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Tricky JCT Clause for Contractors & How to Manage it

Most contractors at the end of a project and at the contractual time for the issue of the Final Certificate try and reach a sensible agreement through negotiation with the Contract Administrator on financial matters.  However, standard JCT forms of contract have a clause which deals with the effect of the Final Certificate.  For example, see clause 1.9 of the JCT Intermediate Building Contract.

The clauses amongst the contracts in the JCT suite are different but in short they say that unless challenged the Final Certificate is conclusive evidence of a broad range of matters.  These include all extensions of time that have been given, that any necessary effect has been given to all of the terms of the contract that require additions to, adjustments of or deductions from the Contract Sum.

There are some exceptions, and the clause will not apply in respect of fraud, but to a very great extent unless the Final Certificate is challenged by adjudication, arbitration or court proceedings before or not later than 28 days after the Final Certificate has been issued (in the case of the JCT Intermediate Building Contract) then the contractor will lose the right to make any challenge to most of the financial decisions already made.  This would mean that any liquidated damages already levied could not be disputed, and any decisions already made by the Contract Administrator in relation to direct loss and/or expense would also be final.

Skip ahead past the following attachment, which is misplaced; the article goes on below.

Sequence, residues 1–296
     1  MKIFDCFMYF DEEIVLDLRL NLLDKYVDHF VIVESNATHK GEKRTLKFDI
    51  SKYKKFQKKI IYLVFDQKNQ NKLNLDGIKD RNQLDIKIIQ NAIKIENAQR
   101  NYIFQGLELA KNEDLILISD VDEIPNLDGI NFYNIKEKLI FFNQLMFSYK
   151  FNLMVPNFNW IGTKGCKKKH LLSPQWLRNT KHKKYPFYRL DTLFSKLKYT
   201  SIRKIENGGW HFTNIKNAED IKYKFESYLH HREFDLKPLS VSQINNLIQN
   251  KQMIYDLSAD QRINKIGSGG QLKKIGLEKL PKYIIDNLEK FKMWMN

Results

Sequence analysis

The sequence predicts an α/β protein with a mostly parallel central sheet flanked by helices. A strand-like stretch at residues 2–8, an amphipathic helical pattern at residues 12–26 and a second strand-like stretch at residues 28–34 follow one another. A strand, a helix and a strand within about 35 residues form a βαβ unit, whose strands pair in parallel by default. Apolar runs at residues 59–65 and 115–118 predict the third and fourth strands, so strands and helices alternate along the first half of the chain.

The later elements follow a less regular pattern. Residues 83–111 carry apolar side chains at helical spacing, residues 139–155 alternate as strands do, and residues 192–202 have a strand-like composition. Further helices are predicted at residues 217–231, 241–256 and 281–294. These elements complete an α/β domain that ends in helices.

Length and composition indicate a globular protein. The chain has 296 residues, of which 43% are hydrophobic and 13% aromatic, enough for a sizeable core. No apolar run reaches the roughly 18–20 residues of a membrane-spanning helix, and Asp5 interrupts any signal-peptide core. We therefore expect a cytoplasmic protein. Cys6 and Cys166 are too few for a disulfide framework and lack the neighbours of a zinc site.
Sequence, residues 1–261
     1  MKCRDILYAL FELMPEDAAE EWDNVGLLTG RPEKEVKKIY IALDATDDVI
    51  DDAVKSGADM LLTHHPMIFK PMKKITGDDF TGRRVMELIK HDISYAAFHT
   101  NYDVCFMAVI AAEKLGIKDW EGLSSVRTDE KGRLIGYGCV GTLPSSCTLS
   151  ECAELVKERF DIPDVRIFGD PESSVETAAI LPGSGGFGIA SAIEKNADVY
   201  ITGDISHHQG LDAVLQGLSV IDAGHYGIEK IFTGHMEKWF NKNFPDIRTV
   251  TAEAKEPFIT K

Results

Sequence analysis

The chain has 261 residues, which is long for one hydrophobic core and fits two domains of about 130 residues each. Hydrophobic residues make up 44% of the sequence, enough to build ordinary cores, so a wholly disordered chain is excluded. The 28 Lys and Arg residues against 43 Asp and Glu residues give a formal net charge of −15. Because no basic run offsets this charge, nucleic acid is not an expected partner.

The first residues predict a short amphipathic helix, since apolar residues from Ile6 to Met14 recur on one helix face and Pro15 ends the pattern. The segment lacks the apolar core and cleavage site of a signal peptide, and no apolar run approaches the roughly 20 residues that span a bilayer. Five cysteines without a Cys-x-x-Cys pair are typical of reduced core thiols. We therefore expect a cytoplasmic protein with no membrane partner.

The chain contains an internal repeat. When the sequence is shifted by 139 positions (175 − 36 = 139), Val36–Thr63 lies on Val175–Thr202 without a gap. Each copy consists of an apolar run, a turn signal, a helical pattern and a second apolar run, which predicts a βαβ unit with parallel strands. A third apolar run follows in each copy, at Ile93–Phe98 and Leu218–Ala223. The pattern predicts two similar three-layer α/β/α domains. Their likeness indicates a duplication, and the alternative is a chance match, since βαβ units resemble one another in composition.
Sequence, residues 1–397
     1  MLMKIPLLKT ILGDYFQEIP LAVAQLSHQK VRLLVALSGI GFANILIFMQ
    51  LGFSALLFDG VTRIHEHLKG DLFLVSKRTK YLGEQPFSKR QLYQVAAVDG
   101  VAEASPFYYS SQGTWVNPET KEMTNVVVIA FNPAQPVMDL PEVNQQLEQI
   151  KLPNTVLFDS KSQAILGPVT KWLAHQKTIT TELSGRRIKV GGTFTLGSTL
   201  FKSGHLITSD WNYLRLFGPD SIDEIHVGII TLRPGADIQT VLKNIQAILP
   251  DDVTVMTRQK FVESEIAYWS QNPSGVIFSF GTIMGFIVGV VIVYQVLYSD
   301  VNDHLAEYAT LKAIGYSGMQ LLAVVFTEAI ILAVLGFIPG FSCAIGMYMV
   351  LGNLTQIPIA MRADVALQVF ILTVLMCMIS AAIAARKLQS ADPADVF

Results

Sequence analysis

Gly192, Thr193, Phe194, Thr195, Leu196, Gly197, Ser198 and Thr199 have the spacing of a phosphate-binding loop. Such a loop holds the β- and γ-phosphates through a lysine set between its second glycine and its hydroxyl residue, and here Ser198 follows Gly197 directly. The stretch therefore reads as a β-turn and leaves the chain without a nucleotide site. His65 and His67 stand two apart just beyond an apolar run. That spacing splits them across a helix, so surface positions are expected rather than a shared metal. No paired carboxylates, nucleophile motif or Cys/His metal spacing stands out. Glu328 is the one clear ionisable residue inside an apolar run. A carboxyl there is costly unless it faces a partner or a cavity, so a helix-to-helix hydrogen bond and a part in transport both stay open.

We suggest the best way a contractor can protect their position if negotiations are still continuing is to try and agree with the Employer an extension of the period of time by which the clause kicks in – for example a further 28 days or longer.  This would save the contractor from having to issue immediate formal legal action and give more time for sensible negotiation.  However, if no agreement is reached then the contractor will have to take action.  A Notice to Refer to Adjudication will need to be issued or the issue of a Claim Form by way of court proceedings or commencement of Arbitration.

It is possible to attack the conclusive nature of a Final Certificate in these circumstances but the grounds are limited and may not be easy to establish.

It is also worth considering trying to negotiate an amendment to the clause prior to finalising the contract,
to again allow a greater period of time or even to delete it or part of it.

Sensible amendments to contracts at the outset can safeguard a contractor’s position.  A legal review of the contract document is unlikely to be disproportionately costly, particularly if it is focused on specific areas of potential concern.  David will be pleased to discuss your contractual issues.